• improving competition among Medicare Part D’s benchmark plans
  • separately payable drugs in the hospital outpatient prospective payment system
  • Medicare Advantage payment and access for enrollees with end-stage renal disease

MedPAC is an independent congressional agency that advises Congress on issues involving the Medicare program.  While its recommendations are not binding on either Congress or the administration, MedPAC is highly influential in governing circles and its recommendations often find their way into legislation, regulations, and new public policy.  Because so many patients of private safety-net hospitals are insured by Medicare, MedPAC’s deliberations are especially important to those hospitals.

Go here for links to the policy briefs and presentations that supported MedPAC’s discussion of these issues.

HHS Webinar Thursday

The Department of Health and Human Services will hold a webinar on Thursday, October 22 at 1:00 (eastern) about the Centers for Medicare & Medicaid Services’ recent guidance explaining how it will implement an interim final rule that makes the collection and reporting of COVID-19 data a condition of participation in Medicare for hospitals.

On August 24 CMS published an interim final rule establishing new requirements in the hospital conditions of participation in Medicare and on October 6 HHS published the updated document “COVID-19 Guidance for Hospital Reporting and FAQs For Hospitals, Hospital Laboratory, and Acute Care Facility Reporting.”  Among the data elements hospitals are required to report are their current count of lab-confirmed COVID-19 patients, number of staffed beds, number of occupied ICU beds, and information about personal protective equipment and ventilators.

The purpose of the webinar is to explain to providers how HHS will implement these requirements.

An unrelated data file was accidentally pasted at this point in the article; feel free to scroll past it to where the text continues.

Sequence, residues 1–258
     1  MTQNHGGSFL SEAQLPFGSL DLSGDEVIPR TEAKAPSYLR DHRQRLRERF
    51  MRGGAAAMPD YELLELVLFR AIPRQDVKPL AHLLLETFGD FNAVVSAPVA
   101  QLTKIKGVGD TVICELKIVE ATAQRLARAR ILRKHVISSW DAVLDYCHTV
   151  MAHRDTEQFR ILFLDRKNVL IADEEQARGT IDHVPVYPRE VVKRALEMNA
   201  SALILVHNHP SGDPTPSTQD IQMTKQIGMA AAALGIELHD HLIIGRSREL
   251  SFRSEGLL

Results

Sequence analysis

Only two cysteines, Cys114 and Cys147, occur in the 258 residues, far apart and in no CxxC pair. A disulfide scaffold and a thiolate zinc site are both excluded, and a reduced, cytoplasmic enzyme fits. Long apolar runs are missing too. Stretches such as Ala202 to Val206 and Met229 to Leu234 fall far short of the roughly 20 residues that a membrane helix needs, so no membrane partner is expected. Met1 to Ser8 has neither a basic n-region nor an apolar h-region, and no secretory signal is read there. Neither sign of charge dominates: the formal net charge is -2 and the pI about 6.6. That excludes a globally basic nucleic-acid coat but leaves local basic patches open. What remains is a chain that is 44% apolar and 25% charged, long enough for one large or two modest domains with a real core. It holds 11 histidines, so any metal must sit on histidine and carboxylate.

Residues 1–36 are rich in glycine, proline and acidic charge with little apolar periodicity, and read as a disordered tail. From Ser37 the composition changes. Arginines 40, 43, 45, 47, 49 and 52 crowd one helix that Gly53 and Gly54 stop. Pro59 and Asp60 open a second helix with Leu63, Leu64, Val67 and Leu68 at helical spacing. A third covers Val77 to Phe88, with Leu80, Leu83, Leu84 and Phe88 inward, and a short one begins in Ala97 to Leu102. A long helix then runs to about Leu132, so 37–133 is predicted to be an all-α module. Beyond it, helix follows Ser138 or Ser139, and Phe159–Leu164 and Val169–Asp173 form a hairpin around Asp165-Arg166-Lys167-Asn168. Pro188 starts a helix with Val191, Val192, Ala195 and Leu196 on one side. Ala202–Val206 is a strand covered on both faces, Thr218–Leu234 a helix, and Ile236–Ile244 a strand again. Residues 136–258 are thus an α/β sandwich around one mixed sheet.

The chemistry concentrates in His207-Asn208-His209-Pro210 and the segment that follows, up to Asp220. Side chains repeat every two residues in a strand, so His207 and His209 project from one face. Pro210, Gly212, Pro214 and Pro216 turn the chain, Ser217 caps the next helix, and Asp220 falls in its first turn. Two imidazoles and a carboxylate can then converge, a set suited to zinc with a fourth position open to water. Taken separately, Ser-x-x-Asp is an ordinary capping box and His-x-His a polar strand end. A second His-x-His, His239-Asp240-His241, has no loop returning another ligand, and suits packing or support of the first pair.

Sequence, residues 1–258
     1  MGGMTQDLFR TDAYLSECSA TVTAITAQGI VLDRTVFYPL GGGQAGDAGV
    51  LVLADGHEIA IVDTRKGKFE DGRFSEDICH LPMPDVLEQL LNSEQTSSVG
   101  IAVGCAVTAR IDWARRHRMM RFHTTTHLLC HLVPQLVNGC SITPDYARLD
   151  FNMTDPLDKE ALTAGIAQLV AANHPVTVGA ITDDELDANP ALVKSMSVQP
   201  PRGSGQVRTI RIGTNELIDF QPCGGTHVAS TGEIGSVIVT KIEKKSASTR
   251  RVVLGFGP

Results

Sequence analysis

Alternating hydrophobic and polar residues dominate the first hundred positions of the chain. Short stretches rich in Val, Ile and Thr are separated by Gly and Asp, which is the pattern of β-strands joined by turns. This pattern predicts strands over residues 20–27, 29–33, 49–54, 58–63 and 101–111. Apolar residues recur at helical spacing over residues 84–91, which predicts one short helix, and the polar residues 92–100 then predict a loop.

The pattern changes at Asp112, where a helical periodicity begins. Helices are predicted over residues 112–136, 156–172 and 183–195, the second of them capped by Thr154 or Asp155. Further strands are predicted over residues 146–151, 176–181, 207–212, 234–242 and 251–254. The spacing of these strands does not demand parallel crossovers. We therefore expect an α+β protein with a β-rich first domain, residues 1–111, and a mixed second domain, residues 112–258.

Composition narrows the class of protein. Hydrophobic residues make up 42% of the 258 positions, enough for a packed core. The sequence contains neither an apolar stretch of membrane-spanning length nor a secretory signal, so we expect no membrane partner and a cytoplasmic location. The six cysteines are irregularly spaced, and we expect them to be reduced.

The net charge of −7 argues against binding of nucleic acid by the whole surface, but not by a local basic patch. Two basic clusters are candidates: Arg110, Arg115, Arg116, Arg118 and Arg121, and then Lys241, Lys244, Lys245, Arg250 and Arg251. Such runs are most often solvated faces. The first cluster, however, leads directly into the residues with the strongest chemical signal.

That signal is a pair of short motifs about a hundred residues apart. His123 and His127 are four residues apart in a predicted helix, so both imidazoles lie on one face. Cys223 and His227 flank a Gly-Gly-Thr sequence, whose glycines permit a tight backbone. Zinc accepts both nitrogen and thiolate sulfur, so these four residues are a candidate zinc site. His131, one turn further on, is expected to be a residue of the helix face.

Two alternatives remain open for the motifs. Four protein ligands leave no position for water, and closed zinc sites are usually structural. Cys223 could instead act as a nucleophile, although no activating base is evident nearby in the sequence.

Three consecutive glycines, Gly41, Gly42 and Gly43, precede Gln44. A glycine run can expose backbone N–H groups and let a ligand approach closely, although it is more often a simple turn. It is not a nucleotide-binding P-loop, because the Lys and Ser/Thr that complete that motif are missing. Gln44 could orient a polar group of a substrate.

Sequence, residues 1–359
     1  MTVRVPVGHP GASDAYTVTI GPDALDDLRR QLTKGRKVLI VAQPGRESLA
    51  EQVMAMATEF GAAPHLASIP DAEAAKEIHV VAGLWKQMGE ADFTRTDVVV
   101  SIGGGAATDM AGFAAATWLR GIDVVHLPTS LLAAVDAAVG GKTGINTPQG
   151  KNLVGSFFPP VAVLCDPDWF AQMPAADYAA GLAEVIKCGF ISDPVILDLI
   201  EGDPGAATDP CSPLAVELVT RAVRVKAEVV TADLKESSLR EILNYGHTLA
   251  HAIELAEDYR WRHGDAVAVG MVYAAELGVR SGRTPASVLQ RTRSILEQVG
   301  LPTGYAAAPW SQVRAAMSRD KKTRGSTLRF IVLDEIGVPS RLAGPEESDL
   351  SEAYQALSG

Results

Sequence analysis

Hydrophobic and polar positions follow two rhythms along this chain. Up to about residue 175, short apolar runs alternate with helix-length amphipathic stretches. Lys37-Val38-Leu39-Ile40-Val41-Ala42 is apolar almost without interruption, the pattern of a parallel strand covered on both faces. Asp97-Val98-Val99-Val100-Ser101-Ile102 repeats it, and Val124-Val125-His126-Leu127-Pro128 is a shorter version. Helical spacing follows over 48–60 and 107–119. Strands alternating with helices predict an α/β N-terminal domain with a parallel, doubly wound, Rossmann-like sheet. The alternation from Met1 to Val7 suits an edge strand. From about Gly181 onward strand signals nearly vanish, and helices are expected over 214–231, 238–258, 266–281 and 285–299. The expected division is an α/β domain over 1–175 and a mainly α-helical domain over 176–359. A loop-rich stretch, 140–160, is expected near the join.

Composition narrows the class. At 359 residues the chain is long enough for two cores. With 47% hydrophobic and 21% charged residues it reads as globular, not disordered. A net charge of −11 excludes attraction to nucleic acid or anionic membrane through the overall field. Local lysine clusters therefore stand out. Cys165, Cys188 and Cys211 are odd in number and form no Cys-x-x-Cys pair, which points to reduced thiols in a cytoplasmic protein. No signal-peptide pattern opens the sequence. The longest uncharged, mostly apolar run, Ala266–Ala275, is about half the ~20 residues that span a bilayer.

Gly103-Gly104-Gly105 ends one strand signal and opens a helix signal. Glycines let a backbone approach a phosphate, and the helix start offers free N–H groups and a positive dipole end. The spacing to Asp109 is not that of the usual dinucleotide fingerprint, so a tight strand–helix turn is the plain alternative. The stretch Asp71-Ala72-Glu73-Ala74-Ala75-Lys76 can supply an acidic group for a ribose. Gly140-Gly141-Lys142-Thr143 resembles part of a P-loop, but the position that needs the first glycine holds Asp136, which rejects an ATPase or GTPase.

Go here to register for the webinar.

Feds Penalizing Wrong Hospitals for Readmissions, Study Finds

Medicare’s hospital readmissions reduction program often penalizes the wrong hospitals for excessive readmissions.

Or so concludes a new study published in the journal JAMA Cardiology.

According to the study,

…the percentage of hospitals that were incorrectly penalized was 10.1% for acute myocardial infarction, 10.9% for heart failure, and 12.3 percent for pneumonia.

The study also found that the readmissions reduction program is failing to penalize some hospitals that do deserve penalties based on the program’s standards, writing that

…in fiscal year 2019, the percentage of hospitals that should have been penalized by the program, but were not, was 20.9% for acute myocardial infarction, 13.5% for heart failure, and 13.2 percent for pneumonia.

Learn more about the study’s findings and why Medicare’s hospital readmissions reduction program is missing its mark in the JAMA Cardiology report “Misclassification of Hospital Performance Under the Hospital Readmissions Reduction Program.”

 

MedPAC Talks Telehealth

Expanded telehealth is here to stay, members of the Medicare Payment Advisory Commission agreed at their September public meeting.

What they do not yet know is in what form.

Among the issues that need to be addressed in any post-COVID-19 expansion of Medicare-covered telehealth services are:

  • Whether affording access to telehealth services would exacerbate the digital divide and leave some Medicare beneficiaries with less access to care than others.
  • Whether audio-only coverage, temporarily permitted during the pandemic, should be continued.
  • Whether greater use of telehealth might foster greater use of low-value services.
  • Whether use of non-HIPAA-compliant video technology should continue to be permitted.

Learn more about MedPAC’s deliberations on telehealth in the Healthcare Dive article “MedPAC commissioners hint at telehealth policies that may stick post-COVID-19” and see the presentation that formed the basis for the discussion of this issue at MedPAC’s recent public meeting.

 

MedPAC Meets

Last week the Medicare Payment Advisory Commission met in Washington, D.C. to discuss a number of Medicare payment issues.

The issues on MedPAC’s September agenda were:

  • the coronavirus pandemic and Medicare
  • context for Medicare payment policy
  • report on the Protecting Access to Medicare Act of 2014’s changes to the Medicare clinical laboratory fee schedule
  • expansion of telehealth in Medicare
  • Medicare coverage for vaccines

MedPAC is an independent congressional agency that advises Congress on issues involving the Medicare program.  While its recommendations are not binding on either Congress or the administration, MedPAC is highly influential in governing circles and its recommendations often find their way into legislation, regulations, and new public policy.  Because so many patients of private safety-net hospitals are insured by Medicare, MedPAC’s deliberations are especially important to those hospitals.

Go here for links to the policy briefs and presentations that supported MedPAC’s discussion of these issues.